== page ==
Retail sales help us understand how well the consumer is as we await the June PCE report, which will be released on July 30th, and the Q2 real consumer spending growth which will be a large determinant of GDP growth. Earnings reports, economic reports such as the retail sales report, economic trend momentum, and estimates of personal income growth accounting for tax cut benefits and wage growth are all used to predict consumer spending. There are a lot of factors that determine help us estimate consumer spending because it is the driving force behind economic growth.
The May retail sales report was great as the results were revised higher across the board. Month over month headline growth was pushed up from 0.8% to 1.3%. Excluding autos, sales growth was up from 0.9% to 1.4%. Excluding autos and gas, sales growth was up from 0.8% to 1.3%. Finally, the control group had 0.8% growth instead of 0.5%. The June report wasn’t as good since headline sales were up 0.5% month over month which met estimates. Excluding autos, sales met estimates at 0.4% growth. Excluding autos and gas there was 0.3% growth compared to the 0.5% growth expected. The biggest month over month miss was the control group which had no growth instead of 0.4% growth. Car sales were up 0.9% in June and 0.8% in May. It’s good to see growth as there has been an overhang ever since the demand was pulled forward after the hurricanes last fall. Cars were destroyed which means people who would have bought cars throughout 2018 had to buy them in 2017.
Restaurant sales were up 1.5% in June and 2.6% in May. It’s encouraging to see the turnaround in restaurant sales shown in the Renaissance Macro Research chart below.
The 8% year over year rise in food services & drinking places is a huge turnaround from the weakness seen in 2016 and 2017. Restaurant sales are one of the best recession indicators as people eat from home to save money when their budgets are tight. It ended up being a false recession signal since sales growth has reemerged along with the rest of the economy.
Health and personal care sales were up 2.2% in June. Building materials were up 0.8% and furniture sales were up 1.0%. This is a good signal for household investments. E-commerce store sales were up 1.3% month over month and 10.22% year over year as the segment continues to take share from brick and mortar stores. There’s a strong possibility online and brick and mortar sales become less differentiated as retail stores embrace technology and online stores try to replicate the advantages of being able to see and get a feel for items before purchasing them. We can see this with Wal-Mart’s purchase of Jet.com and Amazon’s purchase of Whole Foods. As we previously mentioned, Physical Retail Stores Are Not Becoming Extent.
The biggest story of this retail sales report is the effect gas station sales had on the number. Gas station sales were up 21.56% year over year and 1.02% month over month because of the rise in oil prices. The chart below shows the extreme volatility in gas station sales as compared to sales at stores without gas.
Even though June month over month control group sales were flat, the bottom chart shows consumer spending growth excluding gas stations looks to be on a similar pace it has been on in the past few years. It’s interesting to see the lack of a decline in 2015 and 2016 as consumers used the savings from gas prices to spend disposable income elsewhere despite the economic weakness.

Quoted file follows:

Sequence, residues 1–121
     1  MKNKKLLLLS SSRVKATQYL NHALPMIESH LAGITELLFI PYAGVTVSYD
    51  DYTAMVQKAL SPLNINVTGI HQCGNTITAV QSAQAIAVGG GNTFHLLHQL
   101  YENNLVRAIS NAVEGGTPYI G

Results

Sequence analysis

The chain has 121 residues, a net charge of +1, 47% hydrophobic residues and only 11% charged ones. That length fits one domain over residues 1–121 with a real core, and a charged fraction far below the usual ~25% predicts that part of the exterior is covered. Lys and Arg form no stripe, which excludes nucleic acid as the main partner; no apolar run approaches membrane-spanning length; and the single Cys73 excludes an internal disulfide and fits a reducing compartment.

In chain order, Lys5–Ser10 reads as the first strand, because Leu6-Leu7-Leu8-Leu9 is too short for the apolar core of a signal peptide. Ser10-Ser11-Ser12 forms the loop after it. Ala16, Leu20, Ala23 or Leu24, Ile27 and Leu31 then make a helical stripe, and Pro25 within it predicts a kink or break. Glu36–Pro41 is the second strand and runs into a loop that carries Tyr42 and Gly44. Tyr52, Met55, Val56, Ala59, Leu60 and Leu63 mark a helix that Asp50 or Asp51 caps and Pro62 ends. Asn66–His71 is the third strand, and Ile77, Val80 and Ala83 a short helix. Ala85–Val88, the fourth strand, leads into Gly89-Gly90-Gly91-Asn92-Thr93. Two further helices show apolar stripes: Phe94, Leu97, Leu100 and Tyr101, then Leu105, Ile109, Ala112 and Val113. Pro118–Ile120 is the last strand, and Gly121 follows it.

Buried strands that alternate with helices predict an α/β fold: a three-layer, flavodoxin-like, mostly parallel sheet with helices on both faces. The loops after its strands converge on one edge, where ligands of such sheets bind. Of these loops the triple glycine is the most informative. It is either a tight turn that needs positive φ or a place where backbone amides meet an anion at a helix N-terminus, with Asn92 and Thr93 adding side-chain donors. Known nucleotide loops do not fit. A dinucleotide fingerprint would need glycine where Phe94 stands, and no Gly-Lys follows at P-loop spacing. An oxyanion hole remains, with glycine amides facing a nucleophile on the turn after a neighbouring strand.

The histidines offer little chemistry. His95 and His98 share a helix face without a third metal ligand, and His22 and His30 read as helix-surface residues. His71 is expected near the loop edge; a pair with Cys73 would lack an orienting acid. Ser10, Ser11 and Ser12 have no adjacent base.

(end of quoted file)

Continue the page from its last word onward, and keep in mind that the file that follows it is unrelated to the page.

Energy’s Impact On Industrial Production
The effect of energy needs to be separated from all the economic data because the year over year improvement likely won’t continue. If it does continue, we’ll have a slowdown in economic growth as headline inflation will increase. For now, we need to look at core sustainable growth to see where the economy is headed without the severe vacillations in oil prices. The chart below from ECRI shows year over year industrial production growth is being driven by energy.
Non-energy industrial production growth is near 2%. This inflation puts a damper on the 47 month high in industrial production and the subsequent strong Q2 GDP growth it will help bring. Another important point about industrial production is that motor vehicle production was stalled by a fire at an auto parts plant in May, causing a subsequent rebound in June. Motor vehicle production fell 8.6% in May and rose 7.8% in June.
Earnings Expected To Fall
The bad news is that S&P 500 earnings growth is expected to fall from 20.6% in 2018 to 10.1% in 2019. The good news is that everyone already knows this, so earnings growth in the high single digits or low double digits in 2019 won’t cause stocks to fall. The expectations are getting negative as seen in the chart below since the percentage of fund managers who say profits will fall in the next 12 months is higher than those who say profits will increase.
The previous troughs in this chart have been consistent with equity lows, but the stock market is near its all-time high. This same situation existed in 2007 as the bears were proven correct. In this case, the pessimism is caused by tough comparisons, not economic weakness.
We’ll leave you with the chart below which shows the change in global expectations for manufacturing and services since February.
February appears to have been a near term peak in economic performance in Europe. Europe has reduced global growth. Germany’s June composite PMI rebounded slightly which could signal the continent is on its way towards a cyclical turn. You really need to look at the details of reports to find weakness in America. If economic growth continues, it should be a big surprise to those expecting a recession in 2019 due to the flat yield curve. Many investors think profits will fall. If they don’t, stocks could rally even though they are already near their record high.